DX12 is out of experimental since 2022.2.0a17

Hello,

As everyone might know, the DX12 backend has been slow, and somewhat unstable, for as long as there has been one. Back in 2020 the per drawcall overhead on the CPU was a bit over double what it was on other backends. With recent improvements the DX12 backend is now as fast as (or in some cases faster than) DX11 when it comes to CPU usage for the vast majority of use cases. In scenarios with a large amount of drawcalls, DX12 beats DX11 handily in standalone with regards to CPU performance. Results based on our testing show that there isn't a substantial difference between DX12 and our other Editor backends to warrant an Experimental tag anymore. Therefore:

We are happy to announce that as of 2022.2.0a17, the DX12 graphics backend is officially out of experimental state.

What does this mean in practice? You can now make a player that has only the DX12 backend. Experimental tag forced you to add at least one non experimental backend but now DX12 can be the sole backend in a player build. This is the only functional change you see with the removal of the experimental tag.

Another feature which has been unique to DX11 is the memory residency management. Windows allows you to essentially use more GPU memory than what you have. In DX11 this is fully automatic but DX12 requires us to give it a slight helping hand so to speak. This has now been implemented so you can overprovision GPU memory. It's not quite as good as in DX11 as we do this essentially on a per frame basis. But otherwise huge scenes should be far more stable now.

However DX12 is not always the fastest. The DX11 driver can do things like reorder compute shader dispatch calls, which it does aggressively. With DX12 the driver cannot do this, the same applies to Metal and Vulkan. And even when possible, such as in many OpenGL drivers, the driver doesn’t always do it. So if you have a complex set of compute shaders it is likely that in DX11 it will be faster. There are plans to do this sort of reordering in Unity but that will take time. At the moment, heavily GPU bound scenes with a complex workload are likely to run faster on DX11.

A major painpoint in Unity is the Editor performance. In order to alleviate this DX12 allows you to run native graphics jobs in Editor. This feature is still experimental but you can already try it by launching the Editor with the following command line argument:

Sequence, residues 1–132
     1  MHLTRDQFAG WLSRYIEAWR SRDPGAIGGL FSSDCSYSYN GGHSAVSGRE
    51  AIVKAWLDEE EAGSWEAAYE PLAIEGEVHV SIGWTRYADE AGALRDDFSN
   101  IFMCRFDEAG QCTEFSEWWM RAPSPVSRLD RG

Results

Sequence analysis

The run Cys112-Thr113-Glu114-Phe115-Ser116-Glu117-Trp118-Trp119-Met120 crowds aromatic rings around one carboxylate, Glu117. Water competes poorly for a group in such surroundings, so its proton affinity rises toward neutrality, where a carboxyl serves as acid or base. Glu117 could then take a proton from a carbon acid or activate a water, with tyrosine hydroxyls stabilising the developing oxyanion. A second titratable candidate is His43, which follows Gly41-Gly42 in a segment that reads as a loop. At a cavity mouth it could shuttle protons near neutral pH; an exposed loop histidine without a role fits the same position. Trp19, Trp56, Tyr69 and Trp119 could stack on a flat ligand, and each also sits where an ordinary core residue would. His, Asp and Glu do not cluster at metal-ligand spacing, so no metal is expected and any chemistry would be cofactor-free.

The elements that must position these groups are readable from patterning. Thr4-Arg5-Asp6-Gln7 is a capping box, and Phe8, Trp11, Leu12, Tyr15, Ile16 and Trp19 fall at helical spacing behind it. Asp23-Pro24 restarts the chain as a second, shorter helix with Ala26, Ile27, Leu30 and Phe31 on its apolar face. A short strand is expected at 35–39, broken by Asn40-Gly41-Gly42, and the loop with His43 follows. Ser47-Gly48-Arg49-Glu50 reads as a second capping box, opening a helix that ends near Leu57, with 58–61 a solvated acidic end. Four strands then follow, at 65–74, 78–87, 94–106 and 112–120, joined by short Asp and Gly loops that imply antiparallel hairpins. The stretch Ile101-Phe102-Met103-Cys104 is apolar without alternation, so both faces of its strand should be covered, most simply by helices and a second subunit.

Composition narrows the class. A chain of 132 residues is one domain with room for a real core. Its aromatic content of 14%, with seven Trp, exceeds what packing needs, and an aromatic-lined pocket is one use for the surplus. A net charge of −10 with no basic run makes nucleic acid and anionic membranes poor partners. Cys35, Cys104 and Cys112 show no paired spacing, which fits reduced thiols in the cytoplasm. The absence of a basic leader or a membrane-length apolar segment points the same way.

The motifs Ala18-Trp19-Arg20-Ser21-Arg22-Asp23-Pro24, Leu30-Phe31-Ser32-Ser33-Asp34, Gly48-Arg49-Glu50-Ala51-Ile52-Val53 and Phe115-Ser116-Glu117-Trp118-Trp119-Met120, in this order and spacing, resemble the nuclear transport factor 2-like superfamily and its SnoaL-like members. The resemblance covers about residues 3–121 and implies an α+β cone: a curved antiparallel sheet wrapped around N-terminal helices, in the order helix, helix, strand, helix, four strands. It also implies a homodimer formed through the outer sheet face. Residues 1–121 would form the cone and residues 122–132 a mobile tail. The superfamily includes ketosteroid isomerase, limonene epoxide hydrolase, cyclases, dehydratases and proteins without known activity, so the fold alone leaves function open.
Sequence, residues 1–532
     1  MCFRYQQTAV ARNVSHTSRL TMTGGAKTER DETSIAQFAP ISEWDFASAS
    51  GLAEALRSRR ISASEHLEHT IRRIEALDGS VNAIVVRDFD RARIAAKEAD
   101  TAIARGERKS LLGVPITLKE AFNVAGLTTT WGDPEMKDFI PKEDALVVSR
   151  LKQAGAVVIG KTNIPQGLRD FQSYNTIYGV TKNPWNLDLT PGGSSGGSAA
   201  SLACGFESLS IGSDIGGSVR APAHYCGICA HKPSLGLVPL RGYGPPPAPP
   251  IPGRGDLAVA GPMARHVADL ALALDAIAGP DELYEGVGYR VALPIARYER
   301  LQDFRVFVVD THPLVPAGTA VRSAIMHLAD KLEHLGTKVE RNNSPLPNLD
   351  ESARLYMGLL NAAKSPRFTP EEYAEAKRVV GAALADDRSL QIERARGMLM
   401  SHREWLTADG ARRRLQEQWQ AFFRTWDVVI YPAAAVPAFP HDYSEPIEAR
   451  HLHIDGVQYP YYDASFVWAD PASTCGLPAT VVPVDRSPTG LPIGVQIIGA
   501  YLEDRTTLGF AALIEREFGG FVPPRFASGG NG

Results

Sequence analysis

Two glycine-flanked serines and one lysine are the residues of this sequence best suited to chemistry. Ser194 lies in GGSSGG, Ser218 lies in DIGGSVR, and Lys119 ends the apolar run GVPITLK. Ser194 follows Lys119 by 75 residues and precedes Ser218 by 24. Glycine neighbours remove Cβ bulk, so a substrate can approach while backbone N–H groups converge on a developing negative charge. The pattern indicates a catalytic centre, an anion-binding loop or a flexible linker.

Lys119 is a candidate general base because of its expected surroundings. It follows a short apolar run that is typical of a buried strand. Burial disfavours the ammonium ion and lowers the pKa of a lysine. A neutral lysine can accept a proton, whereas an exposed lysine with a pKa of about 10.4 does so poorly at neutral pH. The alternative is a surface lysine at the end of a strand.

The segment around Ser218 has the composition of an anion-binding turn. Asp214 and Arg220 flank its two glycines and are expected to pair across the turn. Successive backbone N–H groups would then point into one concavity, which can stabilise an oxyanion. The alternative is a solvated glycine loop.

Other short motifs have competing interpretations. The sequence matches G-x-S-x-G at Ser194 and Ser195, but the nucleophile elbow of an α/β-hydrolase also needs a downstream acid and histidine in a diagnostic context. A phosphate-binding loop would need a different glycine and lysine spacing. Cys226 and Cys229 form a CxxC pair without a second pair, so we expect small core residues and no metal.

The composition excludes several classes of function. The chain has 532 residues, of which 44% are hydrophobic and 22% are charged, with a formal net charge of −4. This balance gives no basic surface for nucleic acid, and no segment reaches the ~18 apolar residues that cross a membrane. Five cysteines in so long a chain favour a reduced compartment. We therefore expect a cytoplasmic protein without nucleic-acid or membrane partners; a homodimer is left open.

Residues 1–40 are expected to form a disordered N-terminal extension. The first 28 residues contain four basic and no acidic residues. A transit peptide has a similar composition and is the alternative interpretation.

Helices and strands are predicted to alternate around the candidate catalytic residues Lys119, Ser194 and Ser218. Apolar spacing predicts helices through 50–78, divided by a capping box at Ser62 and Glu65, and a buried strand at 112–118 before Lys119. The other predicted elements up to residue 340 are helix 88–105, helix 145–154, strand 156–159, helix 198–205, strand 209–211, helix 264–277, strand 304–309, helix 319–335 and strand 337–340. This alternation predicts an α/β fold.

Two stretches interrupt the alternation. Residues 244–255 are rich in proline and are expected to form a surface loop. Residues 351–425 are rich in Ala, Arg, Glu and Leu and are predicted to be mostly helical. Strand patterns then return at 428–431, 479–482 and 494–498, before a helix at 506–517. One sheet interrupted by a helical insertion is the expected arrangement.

-force-gfx-jobs native
User feedback has been that in massive projects running the Editor with native jobs is essentially mandatory, but we're not quite there yet to confidently enable them by default for everyone. Therefore we'd love feedback and bug reports for any issues that pop up when using them.

tl;dr: 2022.2.0a17+ You are GPU bound = Use DX11. You are CPU bound = Use DX12. If you are brave and need Editor perf run DX12 with native graphics jobs in Editor.

34 Likes

@tvirolai Since on this topic, could someone at Unity explain Unity's use of D3D11On12 API? https://docs.microsoft.com/en-us/windows/win32/direct3d12/direct3d-11-on-12. Unity seems to use this at least on HDRP (nsight does complain about it but nsight still works).

Why does Unity use such wrapper and not use DX12 directly? What are the pros and cons of this (other than Unity being able to reuse old API calls internally)? Does this have performance implications?

4 Likes

[quote=“rz_0lento”, post:2, topic: 886235]
@tvirolai Since on this topic, could someone at Unity explain Unity’s use of D3D11On12 API? https://docs.microsoft.com/en-us/windows/win32/direct3d12/direct3d-11-on-12. Unity seems to use this at least on HDRP (nsight does complain about it but nsight still works).

Why does Unity use such wrapper and not use DX12 directly? What are the pros and cons of this (other than Unity being able to reuse old API calls internally)? Does this have performance implications?
[/quote]

We do use DX12 directly. However we do create a D3D11On12 device on top of it due to some internal shenanigans related to how DXGI works. The only downside of this is that Nsight complains about it. It probably could be refactored now if MS has improved things. We do not actually perform any API calls through it when rendering. It’s only used for a tiny sliver of time during startup.

We also create a full fledged D3D11 device in some cases and use interop with that. And that’s because the video decoding in Windows didn’t support DX12 back in the days. Now there is a DX12 way too but no-one has just gotten around to implement it because the interop way works fine.